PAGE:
Perhaps the most common interview starter is the request to "tell me about yourself." It is also one of the most confusing parts of the interview for many job seekers. My favorite corny comment about "tell me about yourself" is that the interviewer really does not care who your third grade teacher was. My point is that the interviewer is not looking for your life history. One of my colleagues has said that a good way to start is to mention your hometown - where you are from. My opinion is that this is still missing the point of the ...


Behavioral interviewing has become the norm rather than the exception with all types of employers. Behavioral questions usually begin with a phrase such as "Gve me an example of a time…"or "Tell me about a time when you…." A variant of the behavioral question is the scenario question. Scenarios often begin with something like "How would you handle a situation where…." Scenario questions have been around a long time; most of us have been faced with them in interviews. Answering behavioral questions successfully involves telling a short story. Begin with what the situation was, then tell what action you ...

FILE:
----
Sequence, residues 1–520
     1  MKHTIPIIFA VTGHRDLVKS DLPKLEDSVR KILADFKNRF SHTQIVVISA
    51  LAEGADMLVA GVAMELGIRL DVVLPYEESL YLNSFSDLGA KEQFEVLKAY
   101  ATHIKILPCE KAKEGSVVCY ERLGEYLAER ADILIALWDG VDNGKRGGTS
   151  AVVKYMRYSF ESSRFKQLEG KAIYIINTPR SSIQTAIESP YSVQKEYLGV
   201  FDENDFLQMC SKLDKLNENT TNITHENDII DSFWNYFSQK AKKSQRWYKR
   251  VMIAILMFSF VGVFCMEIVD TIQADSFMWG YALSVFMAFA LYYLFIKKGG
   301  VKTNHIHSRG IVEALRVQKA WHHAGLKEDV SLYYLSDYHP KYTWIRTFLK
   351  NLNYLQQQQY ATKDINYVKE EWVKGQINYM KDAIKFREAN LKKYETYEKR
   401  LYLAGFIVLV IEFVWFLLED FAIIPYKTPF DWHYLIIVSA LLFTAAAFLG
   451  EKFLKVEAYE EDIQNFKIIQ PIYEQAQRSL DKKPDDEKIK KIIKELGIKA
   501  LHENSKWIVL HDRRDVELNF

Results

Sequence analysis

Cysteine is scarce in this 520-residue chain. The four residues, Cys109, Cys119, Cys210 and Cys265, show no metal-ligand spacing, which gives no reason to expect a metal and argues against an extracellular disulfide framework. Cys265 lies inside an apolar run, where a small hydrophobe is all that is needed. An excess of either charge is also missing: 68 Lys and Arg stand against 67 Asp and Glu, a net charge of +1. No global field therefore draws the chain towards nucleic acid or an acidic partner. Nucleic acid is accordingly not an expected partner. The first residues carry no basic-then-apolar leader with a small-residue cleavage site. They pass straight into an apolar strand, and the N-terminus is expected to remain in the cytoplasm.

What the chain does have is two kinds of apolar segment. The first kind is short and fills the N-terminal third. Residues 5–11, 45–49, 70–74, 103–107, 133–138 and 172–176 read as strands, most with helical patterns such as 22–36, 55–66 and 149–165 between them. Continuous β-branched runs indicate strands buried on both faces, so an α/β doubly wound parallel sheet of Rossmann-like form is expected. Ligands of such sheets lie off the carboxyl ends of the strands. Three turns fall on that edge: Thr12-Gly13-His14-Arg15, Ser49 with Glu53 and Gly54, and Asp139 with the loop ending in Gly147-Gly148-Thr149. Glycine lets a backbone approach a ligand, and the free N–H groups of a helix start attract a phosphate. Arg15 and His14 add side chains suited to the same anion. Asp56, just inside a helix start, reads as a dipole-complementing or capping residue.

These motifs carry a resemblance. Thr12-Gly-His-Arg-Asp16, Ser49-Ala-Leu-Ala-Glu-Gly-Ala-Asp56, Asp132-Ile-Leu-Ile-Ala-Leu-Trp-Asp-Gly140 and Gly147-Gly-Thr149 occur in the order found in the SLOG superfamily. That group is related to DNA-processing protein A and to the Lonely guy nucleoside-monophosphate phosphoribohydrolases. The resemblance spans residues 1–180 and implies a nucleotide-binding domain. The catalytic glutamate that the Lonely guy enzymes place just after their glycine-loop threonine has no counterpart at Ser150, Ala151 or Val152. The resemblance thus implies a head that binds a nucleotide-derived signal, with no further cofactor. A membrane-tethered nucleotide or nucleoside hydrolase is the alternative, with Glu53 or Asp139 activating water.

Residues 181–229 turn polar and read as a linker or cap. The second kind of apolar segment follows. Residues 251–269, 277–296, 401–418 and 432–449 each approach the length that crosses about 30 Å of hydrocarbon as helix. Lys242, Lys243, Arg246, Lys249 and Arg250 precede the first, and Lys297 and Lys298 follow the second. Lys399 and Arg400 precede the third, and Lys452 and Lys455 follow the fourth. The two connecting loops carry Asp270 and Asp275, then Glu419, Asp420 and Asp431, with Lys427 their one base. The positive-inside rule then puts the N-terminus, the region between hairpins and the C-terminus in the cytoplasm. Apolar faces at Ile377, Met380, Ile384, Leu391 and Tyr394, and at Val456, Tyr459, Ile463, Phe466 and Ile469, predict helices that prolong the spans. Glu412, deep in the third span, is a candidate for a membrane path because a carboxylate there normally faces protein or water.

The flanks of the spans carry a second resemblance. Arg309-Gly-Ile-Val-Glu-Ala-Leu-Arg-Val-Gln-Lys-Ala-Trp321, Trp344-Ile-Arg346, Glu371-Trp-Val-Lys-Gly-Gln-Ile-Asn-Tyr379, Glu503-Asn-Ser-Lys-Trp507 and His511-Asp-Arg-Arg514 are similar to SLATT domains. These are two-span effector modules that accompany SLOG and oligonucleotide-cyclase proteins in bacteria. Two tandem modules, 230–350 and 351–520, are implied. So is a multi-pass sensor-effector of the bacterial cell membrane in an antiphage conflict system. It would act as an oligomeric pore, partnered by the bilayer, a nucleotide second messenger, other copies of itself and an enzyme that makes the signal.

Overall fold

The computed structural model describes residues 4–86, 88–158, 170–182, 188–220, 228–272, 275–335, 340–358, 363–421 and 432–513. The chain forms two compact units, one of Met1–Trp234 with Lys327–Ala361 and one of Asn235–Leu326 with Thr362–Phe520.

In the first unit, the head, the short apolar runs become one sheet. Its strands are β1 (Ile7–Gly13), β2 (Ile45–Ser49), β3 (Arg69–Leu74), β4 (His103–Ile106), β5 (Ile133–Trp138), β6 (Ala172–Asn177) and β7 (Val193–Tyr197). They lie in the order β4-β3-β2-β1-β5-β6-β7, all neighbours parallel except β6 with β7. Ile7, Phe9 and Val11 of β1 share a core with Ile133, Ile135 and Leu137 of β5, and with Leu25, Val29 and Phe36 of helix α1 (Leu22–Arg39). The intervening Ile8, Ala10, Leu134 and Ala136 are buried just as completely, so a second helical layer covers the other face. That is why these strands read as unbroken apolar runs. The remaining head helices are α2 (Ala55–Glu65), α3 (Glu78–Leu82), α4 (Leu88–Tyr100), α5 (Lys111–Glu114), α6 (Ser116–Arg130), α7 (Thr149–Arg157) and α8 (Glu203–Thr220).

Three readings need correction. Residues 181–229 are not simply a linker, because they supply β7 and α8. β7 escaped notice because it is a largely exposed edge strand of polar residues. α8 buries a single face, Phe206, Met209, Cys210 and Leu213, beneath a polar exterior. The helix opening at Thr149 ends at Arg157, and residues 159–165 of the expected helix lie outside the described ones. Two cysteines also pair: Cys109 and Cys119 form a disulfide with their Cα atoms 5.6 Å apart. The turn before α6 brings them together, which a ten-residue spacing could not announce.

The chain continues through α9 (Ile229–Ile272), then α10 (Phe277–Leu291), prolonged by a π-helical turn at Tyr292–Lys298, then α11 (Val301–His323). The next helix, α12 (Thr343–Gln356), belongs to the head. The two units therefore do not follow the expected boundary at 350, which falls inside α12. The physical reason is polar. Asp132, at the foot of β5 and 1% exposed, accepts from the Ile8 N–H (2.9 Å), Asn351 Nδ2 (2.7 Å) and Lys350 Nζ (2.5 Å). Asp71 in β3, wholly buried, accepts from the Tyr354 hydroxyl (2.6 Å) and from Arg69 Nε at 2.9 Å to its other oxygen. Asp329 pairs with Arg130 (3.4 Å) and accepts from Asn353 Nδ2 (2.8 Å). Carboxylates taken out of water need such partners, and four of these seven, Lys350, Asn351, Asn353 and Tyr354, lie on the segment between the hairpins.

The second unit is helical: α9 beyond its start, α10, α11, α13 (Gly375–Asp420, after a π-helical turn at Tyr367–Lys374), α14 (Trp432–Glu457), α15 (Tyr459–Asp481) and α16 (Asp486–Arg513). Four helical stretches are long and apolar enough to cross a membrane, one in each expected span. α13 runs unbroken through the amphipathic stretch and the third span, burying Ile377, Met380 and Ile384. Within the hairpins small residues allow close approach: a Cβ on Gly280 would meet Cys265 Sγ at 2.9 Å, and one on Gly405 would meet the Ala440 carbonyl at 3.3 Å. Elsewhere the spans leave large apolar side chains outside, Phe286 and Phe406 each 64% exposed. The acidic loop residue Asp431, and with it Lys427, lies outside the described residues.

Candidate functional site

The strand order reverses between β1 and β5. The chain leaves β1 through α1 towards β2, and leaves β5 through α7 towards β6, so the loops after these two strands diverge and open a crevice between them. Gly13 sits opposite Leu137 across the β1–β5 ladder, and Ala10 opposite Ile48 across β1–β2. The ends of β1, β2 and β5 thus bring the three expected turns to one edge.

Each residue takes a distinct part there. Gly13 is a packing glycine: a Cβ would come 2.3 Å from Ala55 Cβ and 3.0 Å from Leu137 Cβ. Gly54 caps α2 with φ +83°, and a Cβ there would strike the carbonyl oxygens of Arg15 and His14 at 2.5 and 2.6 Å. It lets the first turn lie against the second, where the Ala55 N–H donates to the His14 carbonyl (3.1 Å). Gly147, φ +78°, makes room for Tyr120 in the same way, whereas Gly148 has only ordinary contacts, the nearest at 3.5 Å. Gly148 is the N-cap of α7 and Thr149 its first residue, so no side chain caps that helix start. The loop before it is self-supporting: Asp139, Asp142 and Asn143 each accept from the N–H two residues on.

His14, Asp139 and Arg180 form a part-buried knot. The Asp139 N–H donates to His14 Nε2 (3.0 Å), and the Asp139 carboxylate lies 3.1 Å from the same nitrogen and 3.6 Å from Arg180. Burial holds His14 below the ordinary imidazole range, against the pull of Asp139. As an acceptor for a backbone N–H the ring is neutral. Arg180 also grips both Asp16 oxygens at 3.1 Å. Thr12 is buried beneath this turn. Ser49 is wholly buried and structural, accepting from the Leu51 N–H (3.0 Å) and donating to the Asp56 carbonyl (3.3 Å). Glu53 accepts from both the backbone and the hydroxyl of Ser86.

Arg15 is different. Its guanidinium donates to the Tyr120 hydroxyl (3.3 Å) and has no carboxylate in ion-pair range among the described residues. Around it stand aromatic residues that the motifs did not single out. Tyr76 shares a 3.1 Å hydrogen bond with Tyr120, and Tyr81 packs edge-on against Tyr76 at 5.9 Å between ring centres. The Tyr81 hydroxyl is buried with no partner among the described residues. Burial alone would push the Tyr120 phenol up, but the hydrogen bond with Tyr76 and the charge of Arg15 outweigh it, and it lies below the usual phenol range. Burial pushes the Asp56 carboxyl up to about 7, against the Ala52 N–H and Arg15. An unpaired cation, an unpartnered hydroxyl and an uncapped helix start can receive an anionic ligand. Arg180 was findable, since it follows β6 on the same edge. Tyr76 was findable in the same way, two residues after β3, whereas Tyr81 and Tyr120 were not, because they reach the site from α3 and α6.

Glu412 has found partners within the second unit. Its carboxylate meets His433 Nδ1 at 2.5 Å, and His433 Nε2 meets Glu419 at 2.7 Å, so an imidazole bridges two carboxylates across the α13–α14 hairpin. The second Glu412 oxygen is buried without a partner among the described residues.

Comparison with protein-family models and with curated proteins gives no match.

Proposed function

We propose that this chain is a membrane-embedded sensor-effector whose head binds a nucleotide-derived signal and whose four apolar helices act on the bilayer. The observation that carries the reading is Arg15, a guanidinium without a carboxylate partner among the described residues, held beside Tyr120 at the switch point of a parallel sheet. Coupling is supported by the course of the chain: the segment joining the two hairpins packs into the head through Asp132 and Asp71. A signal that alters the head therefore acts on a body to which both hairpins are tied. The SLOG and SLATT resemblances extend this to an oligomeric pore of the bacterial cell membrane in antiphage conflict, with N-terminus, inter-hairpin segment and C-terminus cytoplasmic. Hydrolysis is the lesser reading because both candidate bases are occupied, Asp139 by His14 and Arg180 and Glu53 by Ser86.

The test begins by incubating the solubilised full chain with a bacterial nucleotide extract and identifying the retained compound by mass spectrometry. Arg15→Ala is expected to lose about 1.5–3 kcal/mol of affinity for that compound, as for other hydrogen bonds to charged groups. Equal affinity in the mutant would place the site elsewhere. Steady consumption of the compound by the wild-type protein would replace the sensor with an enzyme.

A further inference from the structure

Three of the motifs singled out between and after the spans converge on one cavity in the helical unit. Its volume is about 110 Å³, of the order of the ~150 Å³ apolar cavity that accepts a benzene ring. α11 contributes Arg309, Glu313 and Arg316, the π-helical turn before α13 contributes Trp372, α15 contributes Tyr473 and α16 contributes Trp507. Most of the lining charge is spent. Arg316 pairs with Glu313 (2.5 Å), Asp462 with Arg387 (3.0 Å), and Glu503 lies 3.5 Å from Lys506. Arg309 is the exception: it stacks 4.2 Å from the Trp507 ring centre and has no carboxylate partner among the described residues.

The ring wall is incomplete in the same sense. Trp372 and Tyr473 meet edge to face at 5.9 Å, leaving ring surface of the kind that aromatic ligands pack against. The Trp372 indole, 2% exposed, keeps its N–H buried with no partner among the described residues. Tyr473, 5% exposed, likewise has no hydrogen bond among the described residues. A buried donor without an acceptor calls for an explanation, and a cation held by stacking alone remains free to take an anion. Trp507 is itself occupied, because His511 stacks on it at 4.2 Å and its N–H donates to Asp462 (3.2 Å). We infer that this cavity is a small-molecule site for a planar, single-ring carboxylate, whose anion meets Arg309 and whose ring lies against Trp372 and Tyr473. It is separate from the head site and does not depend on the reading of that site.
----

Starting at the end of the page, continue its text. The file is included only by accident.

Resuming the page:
As I watch the comments that are posted here, I am struck by the questions many are posing about why they are not being hired. Several of these are related to administrative positions, with a few in the teaching areas. There are a number of questions that can be asked in return, so I will pose a few of them here myself. At what level/in what field are you applying? I find general agreement that middle- and secondary-level administrative positions are more difficult to fill than those at the elementary level. In teaching, the shortage fields are well-documented, with ...


Spring is just around the corner and if you are a prospective teacher, you are probably well aware that spring is Educator Career Fair season. If you are planning on including career fairs in your job search, please consider that despite the often noisy, informal feel and the use of the word “fair,” these events are essentially job interviews. If you start from that point, you may already be thinking differently about what to wear and how to present yourself, but here are a number of less obvious steps you may also want to consider: Preparation Obtain a list of ...


In my neck of the woods, Northeastern Ohio, there is a consortium of twelve colleges and universities, some public, some private, that works collaboratively to sponsor a huge teacher education fair; The Northeast Ohio Teacher Education Day (NOTED). Every year, hundreds of students and alumnae from the participating schools show up at the crack of dawn (in April, that is around 6:00 a.m.) rain, shine or even snow, dressed in their suits and armed with folders full of resumes and. . . . .carefully crafted portfolios. Portfolios of the educational journey toward licensure and employment in the teaching field serve as ...


The opinions expressed in Career Corner are strictly those of the author(s) and do not reflect the opinions or endorsement of Editorial Projects in Education, or any of its publications.